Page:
The Regents divided the withheld documents into four categories: (1) "raw financial data" provided by egg producers to AIC researchers, (2) drafts of the AIC study and prepublication communications between members of the AIC research team, (3) prepublication communications between members of the AIC research team and members of the AIC Board of Advisors, and (4) communications between members of the AIC research team and outside parties whom the researchers consulted for the study.
In November 2008, the election took place. The ballot pamphlet stated under the "CON" argument for Proposition 2: "Proposition 2 is too RISKY. Californians enjoy safe, local, affordable eggs. A UC Davis study says Proposition 2 eliminates California egg production. Instead, our eggs will come from out-of-state and Mexico. Public health experts oppose Proposition 2 because it THREATENS increased human exposure to Salmonella and Bird Flu. Vote No." (Ballot Pamp., Gen. Elec. (Nov. 4, 2008, argument in opposition to Prop. 2, p. 6.) The voters rejected the "CON" argument and approved Proposition 2 at the November 2008 election. (Health & Saf. Code, § 25991 et seq. (operative Jan. 1, 2015) is the codification of the Proposition 2 initiative.)
The Regents submitted declarations of Daniel A. Sumner, AIC Director and agriculture and resource economics professor at the University of California, Davis (UCD).*fn8 Sumner directed the study and co-authored Economic Effects. In his November 21, 2008 declaration, Sumner described the AIC. The AIC was created by California Assembly Resolution No. 8 in 1985 to research and analyze crucial trends and policy issues affecting agriculture and interlinked natural and human resources. The AIC provides information through studies, conferences and publications. The AIC's audience includes decision makers in agriculture and government, scholars and students, journalists and the general public.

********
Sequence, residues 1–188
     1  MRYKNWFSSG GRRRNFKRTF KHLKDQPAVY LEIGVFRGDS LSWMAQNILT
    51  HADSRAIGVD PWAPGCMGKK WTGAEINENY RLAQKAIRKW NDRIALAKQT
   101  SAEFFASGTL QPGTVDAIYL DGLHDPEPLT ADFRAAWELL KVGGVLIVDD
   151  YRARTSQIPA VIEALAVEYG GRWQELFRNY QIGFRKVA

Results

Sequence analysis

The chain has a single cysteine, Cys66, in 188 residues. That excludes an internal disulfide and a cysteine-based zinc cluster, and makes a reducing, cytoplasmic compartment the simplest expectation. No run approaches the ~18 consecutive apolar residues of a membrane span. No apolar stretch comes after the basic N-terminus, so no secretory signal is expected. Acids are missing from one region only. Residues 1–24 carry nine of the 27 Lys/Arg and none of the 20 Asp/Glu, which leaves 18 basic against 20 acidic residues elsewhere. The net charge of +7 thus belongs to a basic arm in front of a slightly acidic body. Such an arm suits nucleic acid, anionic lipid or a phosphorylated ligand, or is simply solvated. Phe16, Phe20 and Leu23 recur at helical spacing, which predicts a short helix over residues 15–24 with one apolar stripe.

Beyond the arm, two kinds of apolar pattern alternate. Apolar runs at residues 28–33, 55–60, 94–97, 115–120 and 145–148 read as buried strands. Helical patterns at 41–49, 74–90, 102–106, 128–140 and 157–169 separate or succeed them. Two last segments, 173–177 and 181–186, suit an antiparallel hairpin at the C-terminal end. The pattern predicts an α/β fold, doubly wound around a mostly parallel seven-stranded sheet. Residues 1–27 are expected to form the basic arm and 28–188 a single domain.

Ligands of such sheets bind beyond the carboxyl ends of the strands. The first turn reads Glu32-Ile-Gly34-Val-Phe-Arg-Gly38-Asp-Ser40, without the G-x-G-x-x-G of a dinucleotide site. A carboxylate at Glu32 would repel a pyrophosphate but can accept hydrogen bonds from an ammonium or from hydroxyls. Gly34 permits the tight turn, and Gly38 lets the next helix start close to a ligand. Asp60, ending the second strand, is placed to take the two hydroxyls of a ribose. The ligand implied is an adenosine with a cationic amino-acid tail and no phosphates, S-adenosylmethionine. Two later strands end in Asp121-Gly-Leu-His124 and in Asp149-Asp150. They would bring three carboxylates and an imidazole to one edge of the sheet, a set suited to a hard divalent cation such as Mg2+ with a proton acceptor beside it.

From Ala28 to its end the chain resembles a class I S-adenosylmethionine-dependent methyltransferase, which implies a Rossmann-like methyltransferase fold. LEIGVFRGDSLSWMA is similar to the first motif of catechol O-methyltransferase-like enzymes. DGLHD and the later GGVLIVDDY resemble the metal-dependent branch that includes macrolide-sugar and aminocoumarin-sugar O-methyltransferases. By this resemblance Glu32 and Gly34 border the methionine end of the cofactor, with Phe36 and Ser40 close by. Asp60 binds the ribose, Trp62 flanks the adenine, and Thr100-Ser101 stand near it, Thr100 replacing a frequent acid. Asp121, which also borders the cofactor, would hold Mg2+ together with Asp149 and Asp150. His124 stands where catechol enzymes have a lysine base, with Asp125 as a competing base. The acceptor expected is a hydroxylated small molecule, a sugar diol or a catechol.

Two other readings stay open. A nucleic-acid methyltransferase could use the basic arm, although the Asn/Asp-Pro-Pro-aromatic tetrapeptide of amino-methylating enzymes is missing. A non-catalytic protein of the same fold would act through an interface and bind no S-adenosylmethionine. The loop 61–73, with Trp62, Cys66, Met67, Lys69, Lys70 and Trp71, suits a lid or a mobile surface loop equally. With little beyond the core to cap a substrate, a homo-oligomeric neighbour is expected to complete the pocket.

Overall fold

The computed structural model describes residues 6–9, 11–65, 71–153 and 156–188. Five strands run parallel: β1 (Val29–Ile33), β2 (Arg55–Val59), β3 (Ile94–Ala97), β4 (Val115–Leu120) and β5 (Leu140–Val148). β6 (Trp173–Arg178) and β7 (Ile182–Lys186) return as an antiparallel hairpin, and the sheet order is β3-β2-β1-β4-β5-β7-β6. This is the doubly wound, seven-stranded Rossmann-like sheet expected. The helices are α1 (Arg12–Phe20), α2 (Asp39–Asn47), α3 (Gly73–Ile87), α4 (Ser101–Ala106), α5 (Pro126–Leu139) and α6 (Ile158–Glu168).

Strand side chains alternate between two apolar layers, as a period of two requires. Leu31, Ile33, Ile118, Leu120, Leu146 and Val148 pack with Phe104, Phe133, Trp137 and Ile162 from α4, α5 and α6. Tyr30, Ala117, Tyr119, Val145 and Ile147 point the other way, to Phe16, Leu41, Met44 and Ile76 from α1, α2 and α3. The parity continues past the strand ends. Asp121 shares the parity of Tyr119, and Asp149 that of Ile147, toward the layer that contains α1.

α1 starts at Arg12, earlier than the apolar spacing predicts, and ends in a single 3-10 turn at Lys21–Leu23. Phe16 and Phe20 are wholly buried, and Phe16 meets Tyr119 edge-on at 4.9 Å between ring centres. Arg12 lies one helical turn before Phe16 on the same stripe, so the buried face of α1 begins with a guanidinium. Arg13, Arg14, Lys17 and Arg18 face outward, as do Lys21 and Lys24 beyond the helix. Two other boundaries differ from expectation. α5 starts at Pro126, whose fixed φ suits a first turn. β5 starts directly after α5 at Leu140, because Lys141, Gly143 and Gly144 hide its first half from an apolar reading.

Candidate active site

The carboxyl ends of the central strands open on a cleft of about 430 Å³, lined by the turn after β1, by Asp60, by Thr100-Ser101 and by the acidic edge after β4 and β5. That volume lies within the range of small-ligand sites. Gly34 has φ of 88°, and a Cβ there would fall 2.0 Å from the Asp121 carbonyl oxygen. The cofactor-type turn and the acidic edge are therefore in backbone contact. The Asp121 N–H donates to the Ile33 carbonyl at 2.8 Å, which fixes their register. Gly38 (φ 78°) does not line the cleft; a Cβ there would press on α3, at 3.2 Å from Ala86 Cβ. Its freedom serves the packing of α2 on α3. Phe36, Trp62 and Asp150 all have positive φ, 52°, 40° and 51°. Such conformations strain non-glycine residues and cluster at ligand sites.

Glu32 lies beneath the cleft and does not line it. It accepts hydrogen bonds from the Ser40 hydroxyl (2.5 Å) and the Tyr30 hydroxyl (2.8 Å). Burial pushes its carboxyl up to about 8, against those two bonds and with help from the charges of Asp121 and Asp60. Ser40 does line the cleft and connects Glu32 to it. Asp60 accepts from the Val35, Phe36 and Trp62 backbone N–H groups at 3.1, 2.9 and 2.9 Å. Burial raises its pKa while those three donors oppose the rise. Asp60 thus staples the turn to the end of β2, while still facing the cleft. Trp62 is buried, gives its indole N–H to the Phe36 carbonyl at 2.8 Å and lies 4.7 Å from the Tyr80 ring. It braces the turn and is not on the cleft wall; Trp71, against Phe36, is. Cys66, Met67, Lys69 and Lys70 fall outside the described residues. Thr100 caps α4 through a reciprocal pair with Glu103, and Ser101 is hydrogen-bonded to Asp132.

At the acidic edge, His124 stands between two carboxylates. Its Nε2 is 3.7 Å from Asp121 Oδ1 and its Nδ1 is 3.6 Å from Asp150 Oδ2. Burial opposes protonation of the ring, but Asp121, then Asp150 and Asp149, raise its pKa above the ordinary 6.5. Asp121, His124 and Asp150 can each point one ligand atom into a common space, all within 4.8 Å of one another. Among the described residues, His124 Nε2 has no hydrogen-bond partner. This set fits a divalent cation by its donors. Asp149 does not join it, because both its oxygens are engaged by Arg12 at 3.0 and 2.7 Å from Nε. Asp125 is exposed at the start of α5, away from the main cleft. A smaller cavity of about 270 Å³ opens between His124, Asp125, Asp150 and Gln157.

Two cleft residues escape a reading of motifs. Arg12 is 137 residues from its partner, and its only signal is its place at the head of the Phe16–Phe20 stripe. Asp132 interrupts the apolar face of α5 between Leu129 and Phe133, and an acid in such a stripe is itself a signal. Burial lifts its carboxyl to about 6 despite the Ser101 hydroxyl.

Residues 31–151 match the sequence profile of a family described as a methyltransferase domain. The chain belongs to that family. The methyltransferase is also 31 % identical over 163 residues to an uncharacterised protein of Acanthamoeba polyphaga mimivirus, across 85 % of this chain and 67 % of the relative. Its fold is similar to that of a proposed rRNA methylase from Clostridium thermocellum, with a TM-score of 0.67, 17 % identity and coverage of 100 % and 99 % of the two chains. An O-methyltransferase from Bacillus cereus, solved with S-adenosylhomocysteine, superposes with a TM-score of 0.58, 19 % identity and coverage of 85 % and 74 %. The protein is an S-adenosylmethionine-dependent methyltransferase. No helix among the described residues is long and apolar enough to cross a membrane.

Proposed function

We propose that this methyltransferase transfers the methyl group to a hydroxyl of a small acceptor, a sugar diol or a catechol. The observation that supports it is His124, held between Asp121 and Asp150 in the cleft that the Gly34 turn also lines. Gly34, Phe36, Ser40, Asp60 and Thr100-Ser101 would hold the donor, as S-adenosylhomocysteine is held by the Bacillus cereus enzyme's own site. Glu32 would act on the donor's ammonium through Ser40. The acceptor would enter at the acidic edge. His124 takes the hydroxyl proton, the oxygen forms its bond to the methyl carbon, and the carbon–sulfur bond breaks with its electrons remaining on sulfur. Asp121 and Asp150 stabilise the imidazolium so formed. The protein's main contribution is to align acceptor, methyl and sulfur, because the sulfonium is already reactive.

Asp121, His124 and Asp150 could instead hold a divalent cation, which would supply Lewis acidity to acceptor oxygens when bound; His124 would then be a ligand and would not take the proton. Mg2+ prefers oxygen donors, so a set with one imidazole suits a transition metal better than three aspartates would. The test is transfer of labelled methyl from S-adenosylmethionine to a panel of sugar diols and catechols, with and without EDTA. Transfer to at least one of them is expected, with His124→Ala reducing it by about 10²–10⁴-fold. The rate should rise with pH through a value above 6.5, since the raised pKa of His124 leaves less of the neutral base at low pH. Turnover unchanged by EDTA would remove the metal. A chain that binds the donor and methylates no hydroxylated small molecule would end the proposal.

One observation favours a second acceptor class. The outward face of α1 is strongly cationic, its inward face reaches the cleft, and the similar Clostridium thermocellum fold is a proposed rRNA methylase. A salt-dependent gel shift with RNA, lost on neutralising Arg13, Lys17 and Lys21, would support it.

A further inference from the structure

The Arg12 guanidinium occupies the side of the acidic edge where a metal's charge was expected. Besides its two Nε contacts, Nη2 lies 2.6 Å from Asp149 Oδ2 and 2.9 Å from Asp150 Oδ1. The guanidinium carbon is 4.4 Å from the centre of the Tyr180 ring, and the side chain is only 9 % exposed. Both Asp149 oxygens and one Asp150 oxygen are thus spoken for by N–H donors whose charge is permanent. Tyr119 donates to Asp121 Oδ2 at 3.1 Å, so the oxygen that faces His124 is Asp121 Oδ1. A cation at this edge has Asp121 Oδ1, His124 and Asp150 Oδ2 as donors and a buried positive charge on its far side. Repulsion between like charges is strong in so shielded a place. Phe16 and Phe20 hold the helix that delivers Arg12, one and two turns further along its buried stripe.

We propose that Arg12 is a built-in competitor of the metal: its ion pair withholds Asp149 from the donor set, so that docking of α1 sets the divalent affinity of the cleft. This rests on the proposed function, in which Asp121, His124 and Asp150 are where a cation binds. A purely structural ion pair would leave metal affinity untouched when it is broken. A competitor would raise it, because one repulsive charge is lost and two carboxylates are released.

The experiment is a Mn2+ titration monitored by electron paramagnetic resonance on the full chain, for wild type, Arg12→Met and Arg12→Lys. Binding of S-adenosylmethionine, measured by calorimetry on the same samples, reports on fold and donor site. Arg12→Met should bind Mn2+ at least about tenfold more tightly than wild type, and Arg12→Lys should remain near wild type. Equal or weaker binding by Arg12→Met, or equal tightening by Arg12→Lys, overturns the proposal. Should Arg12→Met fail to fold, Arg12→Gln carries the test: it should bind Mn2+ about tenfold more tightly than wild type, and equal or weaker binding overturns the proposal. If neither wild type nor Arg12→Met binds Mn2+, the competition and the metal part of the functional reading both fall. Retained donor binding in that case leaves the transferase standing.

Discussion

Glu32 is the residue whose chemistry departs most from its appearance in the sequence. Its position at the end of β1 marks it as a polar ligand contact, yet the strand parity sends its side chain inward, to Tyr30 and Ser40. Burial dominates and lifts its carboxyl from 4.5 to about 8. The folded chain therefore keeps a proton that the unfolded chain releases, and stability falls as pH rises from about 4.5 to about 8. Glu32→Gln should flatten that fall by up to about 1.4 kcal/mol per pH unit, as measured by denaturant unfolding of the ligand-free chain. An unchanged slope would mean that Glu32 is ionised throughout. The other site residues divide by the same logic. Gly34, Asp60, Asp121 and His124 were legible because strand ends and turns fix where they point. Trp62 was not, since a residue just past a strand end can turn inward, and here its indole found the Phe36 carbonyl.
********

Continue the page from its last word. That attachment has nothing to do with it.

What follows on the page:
The AIC operates as a unit of the University of California (UC) Division of Agriculture and Natural Resources (ANR), a statewide network of University of California researchers and educators. It is physically located at the UCD campus. The AIC has a director, several associate directors, professional staff and an advisory board. The advisory board, composed of leaders from the agricultural community and other sectors, helps guide the AIC's agenda, maintain a practical orientation for its programs, and communicate with off-campus audiences. In addition to AIC personnel, AIC projects draw on colleagues from other universities and research institutions, as well as government employees and private industry professionals. Among the positive findings of a five-year review of the AIC by a team of academics and members of the agricultural industry appointed by the ANR is the following: "The Center has an outstanding record of interacting with many facets of the agricultural industry in California and the nation, as well as UC academic and Cooperative Extension programs."
Sumner attested that he has 30 years of experience working in research groups. He has been at UCD since 1993. Before that, Sumner served as the Assistant Secretary for Economics at the United States Department of Agriculture, where he was involved in policy formulation and analysis on a range of topics facing agriculture and rural America. He supervised the Department's economics and statistics agencies, and as such, he was responsible for data collection, outlook and economic research. During his academic career, he conducted numerous academic studies. In most cases, he supervised a team of researchers and other staff.